Omagh Aftermath:In a land of dark shadow, three boys are buried by thousands

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The Independent Online
BUNCRANA IS a beautiful seaside town on the Donegal coastline, a town not readily associated with images of devastation, scenes of indescribable grief.

But yesterday it was witness to "a land of dark shadow and of appalling pain", as the parish priest, Fr Shane Bradley, struggled to find words to describe the terrible occasion, the funeral of three young boys: "It is an eerie, eerie place, lonely, desolate and full of inconsolable torment," he said "It is a place no one, no one absolutely no one should ever have to visit."

Thousands of people, far more than the 4,000 who live in Buncrana, turned out to say their final farewells to Sean McLaughlin, 12, James Barker, 12, and Oran Doherty, who was just eight. Among those who congregated at St Mary's Church were David Trimble, the Ulster Unionist leader and First Minister of Northern Ireland, and the Sinn Fein leaders Gerry Adams and Martin McGuinness.

Also there was the Deputy First Minister Seamus Mallon and the Irish President Mary McAleese who, two months ago, received a "poem of peace" written by Sean and his classmates. Yesterday one of them read the poem out during the Mass. Called "The Bridge", it read:

Orange and green - it doesn't

matter

United now

Don't shatter our dream

Scatter the seeds of peace over

our land

So we can travel

Hand in hand across the

bridge of Hope

There was also a group from Celtic Football Club, including their Danish international player Marc Rieper, and two other players. Little Oran had been a fervent Celtic fan, he was buried in a Celtic jersey and his coffin was draped with a Celtic flag.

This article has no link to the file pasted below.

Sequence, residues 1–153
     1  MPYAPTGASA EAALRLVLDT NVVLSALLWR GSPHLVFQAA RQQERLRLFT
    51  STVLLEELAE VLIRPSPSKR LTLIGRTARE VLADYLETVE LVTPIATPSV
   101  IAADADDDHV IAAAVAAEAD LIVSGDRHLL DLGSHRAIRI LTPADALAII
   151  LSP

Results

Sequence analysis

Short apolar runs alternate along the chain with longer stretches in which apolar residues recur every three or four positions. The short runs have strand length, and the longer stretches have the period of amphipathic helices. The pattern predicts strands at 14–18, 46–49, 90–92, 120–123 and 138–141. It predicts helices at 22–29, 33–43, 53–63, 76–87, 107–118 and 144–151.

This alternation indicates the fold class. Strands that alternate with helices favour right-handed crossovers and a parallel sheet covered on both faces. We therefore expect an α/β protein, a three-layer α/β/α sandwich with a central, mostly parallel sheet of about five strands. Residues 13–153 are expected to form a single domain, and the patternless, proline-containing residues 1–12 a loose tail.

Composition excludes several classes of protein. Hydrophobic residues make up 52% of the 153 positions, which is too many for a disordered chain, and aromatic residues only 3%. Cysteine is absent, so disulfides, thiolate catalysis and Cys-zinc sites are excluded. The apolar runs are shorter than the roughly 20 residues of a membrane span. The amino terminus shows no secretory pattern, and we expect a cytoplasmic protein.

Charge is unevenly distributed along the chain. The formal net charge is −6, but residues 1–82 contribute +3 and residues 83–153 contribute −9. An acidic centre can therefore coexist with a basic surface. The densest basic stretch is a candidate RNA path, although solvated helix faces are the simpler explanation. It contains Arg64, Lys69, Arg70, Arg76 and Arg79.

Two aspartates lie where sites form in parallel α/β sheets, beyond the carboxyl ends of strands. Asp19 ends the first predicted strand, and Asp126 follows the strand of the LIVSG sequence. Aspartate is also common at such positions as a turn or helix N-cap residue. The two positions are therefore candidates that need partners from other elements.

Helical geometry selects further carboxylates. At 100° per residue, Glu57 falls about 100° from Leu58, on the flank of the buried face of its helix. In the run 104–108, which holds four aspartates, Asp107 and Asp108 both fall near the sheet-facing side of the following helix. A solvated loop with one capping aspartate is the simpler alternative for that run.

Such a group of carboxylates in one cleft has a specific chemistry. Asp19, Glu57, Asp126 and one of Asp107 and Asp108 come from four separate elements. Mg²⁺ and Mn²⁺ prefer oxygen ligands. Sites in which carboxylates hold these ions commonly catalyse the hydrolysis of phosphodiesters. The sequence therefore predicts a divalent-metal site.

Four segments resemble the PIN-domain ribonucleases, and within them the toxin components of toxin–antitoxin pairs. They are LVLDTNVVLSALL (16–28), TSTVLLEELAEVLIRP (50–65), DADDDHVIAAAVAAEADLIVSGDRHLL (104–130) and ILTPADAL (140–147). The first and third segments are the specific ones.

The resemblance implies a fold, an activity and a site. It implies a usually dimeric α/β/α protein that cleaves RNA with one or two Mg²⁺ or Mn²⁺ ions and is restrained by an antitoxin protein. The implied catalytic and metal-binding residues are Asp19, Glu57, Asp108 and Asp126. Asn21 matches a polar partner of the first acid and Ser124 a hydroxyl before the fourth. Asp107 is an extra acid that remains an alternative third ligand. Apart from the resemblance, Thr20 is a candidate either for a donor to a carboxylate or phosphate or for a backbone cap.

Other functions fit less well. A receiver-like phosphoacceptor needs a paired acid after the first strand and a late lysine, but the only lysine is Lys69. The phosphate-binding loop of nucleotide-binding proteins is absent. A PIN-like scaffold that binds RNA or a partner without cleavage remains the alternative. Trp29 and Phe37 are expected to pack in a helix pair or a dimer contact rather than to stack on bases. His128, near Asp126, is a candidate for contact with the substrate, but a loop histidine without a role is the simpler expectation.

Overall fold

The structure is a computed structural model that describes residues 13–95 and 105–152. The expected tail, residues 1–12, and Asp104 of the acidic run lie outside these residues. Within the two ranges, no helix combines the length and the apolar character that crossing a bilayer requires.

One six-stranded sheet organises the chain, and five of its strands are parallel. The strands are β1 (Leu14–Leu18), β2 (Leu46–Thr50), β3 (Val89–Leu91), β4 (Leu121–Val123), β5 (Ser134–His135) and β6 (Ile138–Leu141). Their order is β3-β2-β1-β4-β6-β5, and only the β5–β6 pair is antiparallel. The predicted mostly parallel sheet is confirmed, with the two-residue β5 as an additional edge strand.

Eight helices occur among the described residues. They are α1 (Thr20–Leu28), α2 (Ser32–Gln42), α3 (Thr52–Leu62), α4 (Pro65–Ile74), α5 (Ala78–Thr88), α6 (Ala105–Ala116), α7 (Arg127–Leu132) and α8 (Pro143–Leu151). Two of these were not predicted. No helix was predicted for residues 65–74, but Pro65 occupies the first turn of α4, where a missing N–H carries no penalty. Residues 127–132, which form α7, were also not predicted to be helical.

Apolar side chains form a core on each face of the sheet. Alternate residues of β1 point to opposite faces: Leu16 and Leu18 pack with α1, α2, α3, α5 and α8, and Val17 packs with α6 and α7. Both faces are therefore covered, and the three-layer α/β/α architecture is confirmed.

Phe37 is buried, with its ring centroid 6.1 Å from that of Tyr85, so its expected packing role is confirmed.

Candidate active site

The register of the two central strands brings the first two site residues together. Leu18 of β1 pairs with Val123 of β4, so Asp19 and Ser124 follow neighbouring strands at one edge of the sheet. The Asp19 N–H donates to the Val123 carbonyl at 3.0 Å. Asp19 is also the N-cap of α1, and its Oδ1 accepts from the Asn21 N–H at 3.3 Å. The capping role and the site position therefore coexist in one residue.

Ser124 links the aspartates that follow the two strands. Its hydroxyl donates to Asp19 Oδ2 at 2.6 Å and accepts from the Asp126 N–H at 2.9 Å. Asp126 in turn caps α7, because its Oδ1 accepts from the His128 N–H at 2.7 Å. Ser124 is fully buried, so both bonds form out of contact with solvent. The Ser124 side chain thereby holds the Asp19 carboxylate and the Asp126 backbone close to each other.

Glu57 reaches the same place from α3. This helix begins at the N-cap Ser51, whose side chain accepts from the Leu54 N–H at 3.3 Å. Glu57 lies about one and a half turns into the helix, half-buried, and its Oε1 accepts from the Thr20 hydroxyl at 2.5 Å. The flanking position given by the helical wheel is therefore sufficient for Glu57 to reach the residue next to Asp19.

Children walked hand in hand with their mothers and fathers, they carried flowers and they cried.

Friends and fellow pupils of the boys lined the long drive into the church. Uncomplainingly they stood for two hours in the rain and cold wind, waiting for the funeral cortege to arrive. When finally it did, and the three small coffins were carried out, there were more tears.

Fr Bradley, in his address, reminded those present that, with the three boys, Buncrana had also lost two Spanish visitors, Fernando Blasco, 12, and Rocio Abad Ramos, 23. Two others remain in hospital. The mourners were told that death "was no respecter of age". But no one tried to hide that these lives had been taken by the deliberate actions of men.

Fr Bradley said: "We got here against our will as a result of a terrifying, evil act, as people who seem to have such a distorted grip on reality that they thought that their cause could be furthered by the planting of this bomb.

"Their action has not only wounded over 200 people and caused emotional havoc for them and thousands of others, but has also brought our Spanish visitors and ourselves to this brutal place. I can only pray that they see what they have done and repent."

The Roman Catholic Bishop of Derry and Raphoa, the Most Rev Seamus Hegarty, also made plain who the community holds responsible for the atrocity. He said of the bombers: "I want them to hear this call. I ask them to repent, to resolve finally to give up their immoral trade in destruction and death, not temporarily or conditionally but permanently and seek forgiveness for what they have done."

The bishop ended by welcoming Mr Trimble and Mr Mallon and telling them that the people were depending on them to build on the Good Friday peace agreement.

He said: "We are relying on you and on your colleagues in the Assembly to continue to build on the gains which have been made.

"It's the only alternative, there is no other. We wish you well and a fair wind in all your endeavours."

Those inside the church and thousands outside greeted this with prolonged applause.

After the hymns and prayers in English, Gaelic and Spanish the three small victims were carried to their graves by their weeping relations.

As the coffins were taken from the church, James's mother reached out, sobbing, to touch her son's coffin. She was comforted by her husband, Victor, and daughter Estella, 14.

The family moved to Donegal from Surrey in March because they wanted a better quality of life.

The burials took place in graves side by side filled with lilies, hydrangeas and daisies with the sun breaking through the mist of the Illies Hills over the town.

"It's such a lovely spot, they will be at peace here," said an elderly woman, and wiped her eyes.

Bishop Hegarty's sermon,

Review, page 4

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